The case is made difficult not because the principles of its decision are obscure but because the flag involved is our own. Nevertheless, we apply the limitations of the Constitution with no fear that freedom to be intellectually and spiritually diverse or even contrary will disintegrate the social organization. To believe that patriotism will not flourish if patriotic ceremonies are voluntary and spontaneous instead of a compulsory routine is to make an unflattering estimate of the appeal of our institutions to free minds. We can have intellectual individualism and the rich cultural diversities that we owe to exceptional minds only at the price of occasional eccentricity and abnormal attitudes. When they are so harmless to others or to the State as those we deal with here, the price is not too great. But freedom to differ is not limited to things that do not matter much. That would be a mere shadow of freedom. The test of its substance is the right to differ as to things that touch the heart of the existing order.



If there is any fixed star in our constitutional constellation, it is that no official, high or petty, can prescribe what shall be orthodox in politics, nationalism, religion, or other matters of opinion or force citizens to confess by word or act their faith therein. If there are any circumstances which permit an exception, they do not now occur to us.

Chris Coose
09-24-2017, 08:59 PM
https://pbs.twimg.com/media/DKfvD2cXoAAXie2.jpg
My grandpa is a 97 year-old WWII vet & Missouri farmer who wanted to join w/ those who #TakeaKnee: "those kids have every right to protest." pic.twitter.com/LurCj7SLUB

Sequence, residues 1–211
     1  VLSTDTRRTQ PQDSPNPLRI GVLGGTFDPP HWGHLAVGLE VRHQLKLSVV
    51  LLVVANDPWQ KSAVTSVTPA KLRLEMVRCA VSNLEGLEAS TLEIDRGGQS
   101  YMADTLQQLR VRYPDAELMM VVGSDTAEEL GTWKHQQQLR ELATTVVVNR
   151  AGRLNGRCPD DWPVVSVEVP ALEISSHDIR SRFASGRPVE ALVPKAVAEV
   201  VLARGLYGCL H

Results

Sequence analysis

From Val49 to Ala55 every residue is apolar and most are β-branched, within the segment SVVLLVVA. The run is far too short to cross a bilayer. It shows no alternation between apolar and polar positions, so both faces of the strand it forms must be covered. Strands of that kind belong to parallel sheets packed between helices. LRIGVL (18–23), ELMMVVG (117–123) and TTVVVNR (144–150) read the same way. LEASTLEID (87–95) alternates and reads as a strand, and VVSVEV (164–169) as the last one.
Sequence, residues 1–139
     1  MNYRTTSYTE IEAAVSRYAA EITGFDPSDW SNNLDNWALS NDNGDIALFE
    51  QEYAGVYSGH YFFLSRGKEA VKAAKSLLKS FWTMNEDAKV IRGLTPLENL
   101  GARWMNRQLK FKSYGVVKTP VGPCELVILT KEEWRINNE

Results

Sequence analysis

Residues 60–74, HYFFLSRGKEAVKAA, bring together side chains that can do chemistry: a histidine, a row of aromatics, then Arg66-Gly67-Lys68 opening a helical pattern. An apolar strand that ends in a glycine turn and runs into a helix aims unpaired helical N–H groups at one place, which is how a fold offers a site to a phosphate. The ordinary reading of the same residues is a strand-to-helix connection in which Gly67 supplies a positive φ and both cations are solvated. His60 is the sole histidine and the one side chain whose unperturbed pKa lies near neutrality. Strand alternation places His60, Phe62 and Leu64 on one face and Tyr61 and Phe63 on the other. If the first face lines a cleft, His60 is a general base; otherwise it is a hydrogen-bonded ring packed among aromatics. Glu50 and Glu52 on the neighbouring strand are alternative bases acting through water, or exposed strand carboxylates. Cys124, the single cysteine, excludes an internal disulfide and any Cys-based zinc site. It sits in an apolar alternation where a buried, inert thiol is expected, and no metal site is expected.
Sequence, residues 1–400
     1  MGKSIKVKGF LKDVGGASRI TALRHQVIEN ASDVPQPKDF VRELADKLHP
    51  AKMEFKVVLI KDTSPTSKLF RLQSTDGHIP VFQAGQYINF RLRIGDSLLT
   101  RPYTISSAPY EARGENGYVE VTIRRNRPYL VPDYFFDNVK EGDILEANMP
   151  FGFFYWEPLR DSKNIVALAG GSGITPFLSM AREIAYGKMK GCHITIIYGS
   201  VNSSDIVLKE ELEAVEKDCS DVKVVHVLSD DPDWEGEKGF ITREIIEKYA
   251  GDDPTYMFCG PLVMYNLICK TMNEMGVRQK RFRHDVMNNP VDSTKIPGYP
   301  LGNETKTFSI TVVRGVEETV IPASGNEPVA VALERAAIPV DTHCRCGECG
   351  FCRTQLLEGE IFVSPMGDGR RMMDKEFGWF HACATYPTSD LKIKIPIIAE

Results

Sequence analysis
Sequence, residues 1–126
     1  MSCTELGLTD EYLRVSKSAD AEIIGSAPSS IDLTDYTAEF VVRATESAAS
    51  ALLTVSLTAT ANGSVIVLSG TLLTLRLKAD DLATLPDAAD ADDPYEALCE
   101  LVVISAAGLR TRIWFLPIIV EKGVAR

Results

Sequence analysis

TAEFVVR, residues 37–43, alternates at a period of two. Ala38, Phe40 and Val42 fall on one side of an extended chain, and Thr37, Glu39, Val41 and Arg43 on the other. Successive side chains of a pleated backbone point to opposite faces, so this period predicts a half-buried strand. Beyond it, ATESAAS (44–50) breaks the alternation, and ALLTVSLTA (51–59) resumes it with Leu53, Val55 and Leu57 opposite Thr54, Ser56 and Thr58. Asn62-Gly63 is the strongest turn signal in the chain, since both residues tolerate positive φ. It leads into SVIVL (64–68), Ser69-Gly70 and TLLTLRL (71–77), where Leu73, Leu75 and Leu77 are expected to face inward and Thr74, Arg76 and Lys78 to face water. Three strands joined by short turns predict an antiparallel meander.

Garret
09-24-2017, 09:09 PM
Interesting point:


NFL players only started appearing on field for the national anthem in 2009

Late last month, as the country was only just becoming consumed by Colin Kaepernick, Tom E. Curran of Comcast Sportsnet New England reported that, actually, NFL players did not typically stand for the national anthem until 2009. Somehow this escaped many of us until, uh, Stephen A. Smith highlighted it this morning on First Take.
Responding to a tip from one of his "boys," Smith brought up the fact that until 2009—eight years and a new Presidential administration after 9/11—players weren't on the field for the national anthem and instead generally remained in the locker room. According to Smith's boy (and the researcher at ESPN who checked it), the switch happened "because it was seen as a marketing strategy to make the athletes look more patriotic."



https://sports.vice.com/en_us/article/yp89dj/stephen-a-smith-points-out-nfls-paid-patriotism-problem
(https://sports.vice.com/en_us/article/yp89dj/stephen-a-smith-points-out-nfls-paid-patriotism-problem)

(https://sports.vice.com/en_us/article/yp89dj/stephen-a-smith-points-out-nfls-paid-patriotism-problem)http://dailysnark.com/nfl-teams-didnt-stand-national-anthem-2009/


A 2015 congressional report revealed that (http://dailysnark.com/nfl-teams-didnt-stand-national-anthem-2009/)the Department of Defense had paid $5.4 million (http://www.espn.com/nfl/story/_/id/15611052/nfl-returning-723000-taxpayers-paid-military-tributes) to NFL teams between 2011 and 2014 to stage on-field patriotic ceremonies; the National Guard shelled out $6.7 million for similar displays between 2013 and 2015.
(http://dailysnark.com/nfl-teams-didnt-stand-national-anthem-2009/)

skuthorp
09-24-2017, 11:00 PM
the switch happened "because it was seen as a marketing strategy to make the athletes look more patriotic."

the Department of Defense had paid $5.4 million (http://www.espn.com/nfl/story/_/id/15611052/nfl-returning-723000-taxpayers-paid-military-tributes) to NFL teams between 2011 and 2014 to stage on-field patriotic ceremonies; the National Guard shelled out $6.7 million for similar displays between 2013 and 2015.

The Department of Propaganda is alive and well in the good old USA. Same reason politicians like sports stars for photo ops.
I suppose Brass bands and Chocolate Soldier (its an old musical) uniforms don't cut it any more.

http://www.tcm.com/mediaroom/video/476314/Chocolate-Soldier-The-Movie-Clip-My-Hero.html